Self-driving cars. Computer glasses. And now, solar-powered, jet-sized drones.
Photo: Titan Aerospace.
Last week, Google acquired two-year-old start-up Titan Aerospace, apparently outbidding Facebook for the company. What the heck is Google doing?
For starters, Google’s management team hasn’t lost its marbles or fallen down the Alice in Wonderland rabbit hole. The Titan purchase is part of a smart, sophisticated business and marketing strategy that has technology as a key enabler. Continue reading
You might think it’s a mission impossible marketing challenge to get high school students excited about, and actually eating, healthier school lunches.
Perhaps not. A Colorado high school nutrition team, facing an 80% non-dining rate, has come up with a creative, disruptive action plan.
Last week, the Boulder Valley School District agreed to accept a $75,000 donation from Whole Foods to acquire a used food truck and create their own healthy eating food truck program.
It’s smart marketing for two, key reasons: Continue reading
A Swedish flooring company demonstrates you can breathe new life into an old marketing tactic: sampling.
No, I’m not talking about carpet squares mounted on a board or a child’s toy-sized piece of wood floor.
Forbo Flooring Systems, working with agency Valentin&Byhr, figured out how to break-through to the architects who spec their products. They created flip-flops made from the floor material, and packed it up in a gift box: Continue reading
A nuclear submarine commander has written a must-read book about how to achieve great performance at every level of your organization.
David Marquet’s Turn The Ship Around! A True Story of Turning Followers into Leaders is terrific for all team players in your company. It’s especially powerful for those entrusted with leading direct reports.
I loved the book. Marquet has distilled his philosophy into a concise, attention-keeping, easy read filled with examples of how he and his crew turned the worst performing nuclear sub into the best.
You, too, can apply this philosophy, but first you’ll have to adopt a new mindset that will lead to different actions. Marquet’s thesis is that we need to transform leadership from a “leader-follower” mode to one of “leader-leader.” That’s how he transformed the USS Santa Fe from a dysfunctional “one captain and 134 crewmen” into a high-octane operation of “135 thinkers.” Continue reading
Photo: 800Razors.com Facebook.
At first glance, it would be easy to conclude that 800Razors.com is just a Dollar Shave Club copycat in the nearly $2 billion razor cartridge category.
But that would be wrong.
Let’s quickly set the stage for this discussion.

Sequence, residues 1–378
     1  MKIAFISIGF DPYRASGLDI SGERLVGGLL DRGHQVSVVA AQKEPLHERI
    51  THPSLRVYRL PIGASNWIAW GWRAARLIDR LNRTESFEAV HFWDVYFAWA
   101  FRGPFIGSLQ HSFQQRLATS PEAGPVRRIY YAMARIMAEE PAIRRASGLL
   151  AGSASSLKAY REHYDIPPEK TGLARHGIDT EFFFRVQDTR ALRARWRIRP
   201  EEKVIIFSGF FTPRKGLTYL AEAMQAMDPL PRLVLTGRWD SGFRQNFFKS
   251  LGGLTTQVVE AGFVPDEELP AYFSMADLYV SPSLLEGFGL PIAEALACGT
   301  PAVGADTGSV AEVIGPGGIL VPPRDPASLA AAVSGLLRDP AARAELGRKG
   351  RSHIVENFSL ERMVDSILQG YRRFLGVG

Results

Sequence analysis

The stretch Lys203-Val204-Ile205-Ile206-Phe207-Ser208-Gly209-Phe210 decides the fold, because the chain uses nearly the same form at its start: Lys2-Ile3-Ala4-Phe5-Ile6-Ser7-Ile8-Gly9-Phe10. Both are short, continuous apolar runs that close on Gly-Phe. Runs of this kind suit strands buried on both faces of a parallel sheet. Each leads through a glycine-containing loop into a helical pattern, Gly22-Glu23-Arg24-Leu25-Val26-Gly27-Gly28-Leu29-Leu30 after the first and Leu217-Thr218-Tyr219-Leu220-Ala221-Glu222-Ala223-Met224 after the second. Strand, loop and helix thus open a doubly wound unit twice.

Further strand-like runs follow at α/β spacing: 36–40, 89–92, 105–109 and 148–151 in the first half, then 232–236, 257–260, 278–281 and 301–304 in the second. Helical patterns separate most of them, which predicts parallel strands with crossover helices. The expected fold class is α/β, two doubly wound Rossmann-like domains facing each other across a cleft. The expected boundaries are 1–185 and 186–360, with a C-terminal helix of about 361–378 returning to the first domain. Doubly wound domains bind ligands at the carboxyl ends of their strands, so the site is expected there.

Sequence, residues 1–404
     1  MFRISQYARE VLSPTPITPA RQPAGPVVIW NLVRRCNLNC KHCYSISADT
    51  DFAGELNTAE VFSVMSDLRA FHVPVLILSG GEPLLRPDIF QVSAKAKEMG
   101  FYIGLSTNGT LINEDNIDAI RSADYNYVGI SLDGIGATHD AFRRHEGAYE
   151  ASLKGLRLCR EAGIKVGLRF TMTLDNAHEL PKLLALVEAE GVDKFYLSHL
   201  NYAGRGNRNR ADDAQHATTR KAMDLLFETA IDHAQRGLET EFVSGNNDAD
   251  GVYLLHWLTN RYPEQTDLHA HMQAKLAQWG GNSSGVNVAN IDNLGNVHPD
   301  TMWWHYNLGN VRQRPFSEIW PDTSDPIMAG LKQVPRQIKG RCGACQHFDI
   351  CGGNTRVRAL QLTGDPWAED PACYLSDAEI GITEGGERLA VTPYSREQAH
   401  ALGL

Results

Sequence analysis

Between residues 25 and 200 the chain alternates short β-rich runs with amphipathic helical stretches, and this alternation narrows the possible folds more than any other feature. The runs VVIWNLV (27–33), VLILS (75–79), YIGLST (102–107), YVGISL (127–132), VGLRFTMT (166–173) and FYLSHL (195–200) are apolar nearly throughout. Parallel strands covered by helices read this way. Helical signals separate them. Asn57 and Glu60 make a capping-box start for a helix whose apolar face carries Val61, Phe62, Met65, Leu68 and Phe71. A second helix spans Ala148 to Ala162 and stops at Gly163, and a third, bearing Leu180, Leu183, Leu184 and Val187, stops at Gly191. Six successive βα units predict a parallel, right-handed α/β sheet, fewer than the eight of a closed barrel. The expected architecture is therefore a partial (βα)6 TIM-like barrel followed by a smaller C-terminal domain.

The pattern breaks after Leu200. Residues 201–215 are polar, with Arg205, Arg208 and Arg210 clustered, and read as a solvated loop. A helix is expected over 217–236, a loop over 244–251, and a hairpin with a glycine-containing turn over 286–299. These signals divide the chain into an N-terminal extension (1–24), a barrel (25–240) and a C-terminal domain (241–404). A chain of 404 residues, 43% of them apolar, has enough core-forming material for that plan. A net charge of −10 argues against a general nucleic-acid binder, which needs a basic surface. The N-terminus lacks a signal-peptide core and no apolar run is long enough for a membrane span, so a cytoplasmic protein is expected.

Category leader Gillette built a strong business via a decades-long, continuing series of product innovations that support a premium-price strategy. They kept some of the older models as part of a tiered product/pricing assortment for consumers.
An opening existed for a competitor to deliver a high-quality blade at much lower cost, and it came via a new business model. Dollar Shave Club (DSC) emerged as a disruptive player in 2011/2012, getting wide notice with a wacky video featuring its founder. Its online, recurring monthly sales model (“club”) took dead aim at the category giants selling through traditional retail channels.
Photo: Dollar Shave Club website.
Then, in 2013, 800Razors.com joined the fray, building off the DSC approach while incorporating significant go-to-market differences:
Photo: 800Razors.com Facebook.
- Buy Only When You Want. 800Razors allows single purchase. Dollar Shave Club does not. It’s an important difference because it removes a potential obstacle to trial. For example, I’ve thought about trying DSC but didn’t want to sign-up for regular monthly deliveries. Continue reading
So many companies talk about the importance of their customer relationships, but, in reality, what do they really do when something goes wrong?
Image – Horizon Blue Cross Blue Shield Facebook.
Insurance provider Horizon Blue Cross Blue Shield of New Jersey decided that just saying sorry wasn’t good enough..
In a December 6th letter, Horizon notified 839,000+ customers that their sensitive private information might be at risk including name, social security number, address, date of birth, and insurance identification number. The reason? Two company laptops, which were “cable-locked to employee workstations,” were stolen from the headquarters office.
Horizon informed customers “we are not certain that all of this information is accessible,” explaining that the computers were password-protected but unencrypted. Nevertheless, the company decided to take action, beyond the standard mea culpa and you’re on your own communication: Continue reading